Ayende @ Rahien

My name is Oren Eini
Founder of Hibernating Rhinos LTD and RavenDB.
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Refactoring toward frictionless & odorless codeThe case for the view model

time to read 5 min | 814 words

Originally posted at 3/30/2011

Remember, we are running on an action scoped session, and this is the code that we run:

public class HomeController : SessionController
    public ActionResult Blog(int id)
        var blog = Session.Get<Blog>(id);

        return Json(blog, JsonRequestBehavior.AllowGet);

The error that we get is a problem when trying to serialize the Blog. Let us look again the the class diagram:


As you can see, we have a collection of Users, but it is lazily loaded. When the Json serializer (which I use instead of writing a view, since it makes my life easier) touches that property, it throws, because you cannot iterate on a lazily loaded collection when the session has already been closed.

One option that we have is to modify the code for Blog like so:

public class Blog
    public virtual int Id { get; set; }

    public virtual string Title { get; set; }

    public virtual string Subtitle { get; set; }

    public virtual bool AllowsComments { get; set; }

    public virtual DateTime CreatedAt { get; set; }

    public virtual ISet<User> Users { get; set; }

    public Blog()
        Users = new HashedSet<User>();

I don’t like it for several reasons. First, and least among them, serialization duties aren’t one of the responsibilities of the domain model. Next, and most important, is the problem that this approach is incredibly brittle. Imagine what would happen if we added a new lazily loaded property. Suddenly, unless we remembered to add [ScriptIgnore] we would break everything that tried to serialize a Blog instance.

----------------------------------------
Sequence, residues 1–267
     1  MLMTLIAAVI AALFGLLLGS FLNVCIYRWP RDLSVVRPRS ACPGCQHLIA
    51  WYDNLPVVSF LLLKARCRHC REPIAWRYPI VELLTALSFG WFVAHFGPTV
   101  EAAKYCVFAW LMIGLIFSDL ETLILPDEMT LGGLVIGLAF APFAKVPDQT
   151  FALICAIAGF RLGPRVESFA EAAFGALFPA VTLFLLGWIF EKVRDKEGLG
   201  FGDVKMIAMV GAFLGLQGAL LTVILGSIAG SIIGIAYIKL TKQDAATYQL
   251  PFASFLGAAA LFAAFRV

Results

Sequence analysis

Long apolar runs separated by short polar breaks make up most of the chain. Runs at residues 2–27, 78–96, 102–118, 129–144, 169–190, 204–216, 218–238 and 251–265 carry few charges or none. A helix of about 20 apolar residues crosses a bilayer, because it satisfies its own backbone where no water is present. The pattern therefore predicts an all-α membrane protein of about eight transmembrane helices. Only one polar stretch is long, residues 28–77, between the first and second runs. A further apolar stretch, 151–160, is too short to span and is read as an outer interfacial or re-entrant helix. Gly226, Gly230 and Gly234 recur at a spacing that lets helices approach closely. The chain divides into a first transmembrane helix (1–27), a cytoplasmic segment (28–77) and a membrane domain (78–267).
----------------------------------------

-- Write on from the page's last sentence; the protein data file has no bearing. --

I much rather use an approach that wouldn’t break if I breathed on it. Like the following:

public class HomeController : SessionController
    public ActionResult Blog(int id)
        var blog = Session.Get<Blog>(id);

        return Json(new
        }, JsonRequestBehavior.AllowGet);

By projecting the values out into a known format, we can save a lot of pain down the road.

But wait a second, this looks quite familiar, doesn’t it? This is the view model pattern, but we arrived at it through an unusual journey.

I don’t really care if you are using anonymous objects or named classes with something like AutoMapper, but I do think that a clear boundary make it easier to work with the application. And if you wonder why you need two models for the same data, the avoidance of accidental queries and the usage of the action scoped session is another motivator.

More posts in "Refactoring toward frictionless & odorless code" series:

  1. (12 Apr 2011) What about transactions?
  2. (11 Apr 2011) Getting rid of globals
  3. (10 Apr 2011) The case for the view model
  4. (09 Apr 2011) A broken home (controller)
  5. (08 Apr 2011) Limiting session scope
  6. (07 Apr 2011) Hiding global state
  7. (06 Apr 2011) The baseline



The other reason to do this is security. Imagine doing:

return Json(user, JsonRequestBehavior.AllowGet);